As I’m hope most everyone is aware, A Dribble of Ink syndicates two of my reviews a month, usually with a new release on the first Tuesday and then an older title from my so-called back list. With Kameron Hurley final novel in her Bel Dame Apocrypha being released, I thought it would be appropriate to rerun my God’s War and Infidel reviews at A Dribble of Ink, before publishing a review of Hurley’s concluding volume, Rapture.
I had a problem though, I didn’t really think my review of God’s War was any good. It was one of my earlier reviews as a blogger, and I thought it deserved better. So I rewrote it — never an easy thing to do. I think it came out pretty well.
Beginning with Paolo Bacigalupi’s The Windup Girl three years ago, Night Shade Books has made a concerted effort to produce meaningful debut novels.
… Read the rest
Once a month or so I’ll try to review a book from the annals of the genres. This time I decided to give Ian M. Banks a shot with his first Culture novel Consider Phlebas. I decided on this particular novel because Orbit, in their infinite wisdom (ok, so I like Orbit) was offering it in eBook format for $.99. Orbit has made a habit of offering very popular author’s first books in an effort to whip up new readers. It works and it’s another example of how eBooks are changing the market. It may be apparent by now, but I read eBooks exclusively except when I’m working on advanced reading copies.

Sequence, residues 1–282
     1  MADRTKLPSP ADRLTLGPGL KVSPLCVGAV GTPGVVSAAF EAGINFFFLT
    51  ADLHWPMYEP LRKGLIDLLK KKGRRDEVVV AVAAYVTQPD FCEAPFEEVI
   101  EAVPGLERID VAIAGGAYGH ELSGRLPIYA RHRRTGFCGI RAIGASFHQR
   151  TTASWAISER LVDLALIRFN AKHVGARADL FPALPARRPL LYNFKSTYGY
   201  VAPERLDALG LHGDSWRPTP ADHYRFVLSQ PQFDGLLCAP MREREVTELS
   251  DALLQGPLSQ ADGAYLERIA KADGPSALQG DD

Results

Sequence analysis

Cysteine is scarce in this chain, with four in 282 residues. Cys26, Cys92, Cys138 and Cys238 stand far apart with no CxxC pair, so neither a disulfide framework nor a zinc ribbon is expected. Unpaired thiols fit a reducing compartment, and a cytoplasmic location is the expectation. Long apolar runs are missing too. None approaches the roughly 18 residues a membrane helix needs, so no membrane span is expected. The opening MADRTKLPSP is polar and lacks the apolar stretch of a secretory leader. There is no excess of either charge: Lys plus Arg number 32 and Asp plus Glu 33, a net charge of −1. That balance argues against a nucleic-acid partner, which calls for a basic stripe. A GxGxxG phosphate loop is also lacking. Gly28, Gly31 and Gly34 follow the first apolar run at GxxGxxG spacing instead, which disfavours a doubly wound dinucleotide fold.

Banks has long been discussed as one of the better science fiction writers in the business – not to mention a very successful mainstream author as well. I had high expectations going into the novel, and to be honest I came away disappointed. … Read the rest
If The Adventures of Sherlock Holmes had a baby with The Lies of Locke Lamora and then gave it up for adoption to Neuromancer you would have a pretty good simulacrum for The Quantum Thief by Hannu Rajaniemi. The book is at its heart a whodunit, or more specifically which whodunit. After finishing the book I’m not sure who did it. But I think that’s the point.
The novel begins when a winged woman who talks to god rescues an amnesiac thief named Jean Le Flambeur at the request of her deity and brings him to Mars to remember. Juxtaposing this perspective is the antagonist, Isidore Beautrelet, a detective akin to Sherlock himself who in solving the murder of a chocolatier finds himself set against le Flambeur himself. Told at a breakneck pace the story follows our thief and his winged caretaker as he infiltrates Martian society to rediscover who he was and who he wants to be.… Read the rest
First of all, I need to give some kudos to Orbit Publishing. I was first exposed to Orbit a few years ago when they released the Night Angel Trilogy by Brent Weeks in its entirety over a few months. This strategy provided Weeks with a strong shelf presence and offered reader’s an assurance of a completed story arc.
Last week Orbit released The Dragon’s Path, Daniel Abraham’s highly anticipated first book in a new series. Attached to the end of the eBook version of Dragon was an advanced copy of Leviathan Wakes, Abraham’s first foray into science fiction under the pseudonym James S.A. Corey. This inclusion has ensured that readers will begin to associate Corey with Abraham and furthermore it gives the online community an opportunity to give Leviathan some love before its wide release in June. Orbit clearly understands how the publishing industry is changing and they are responding.… Read the rest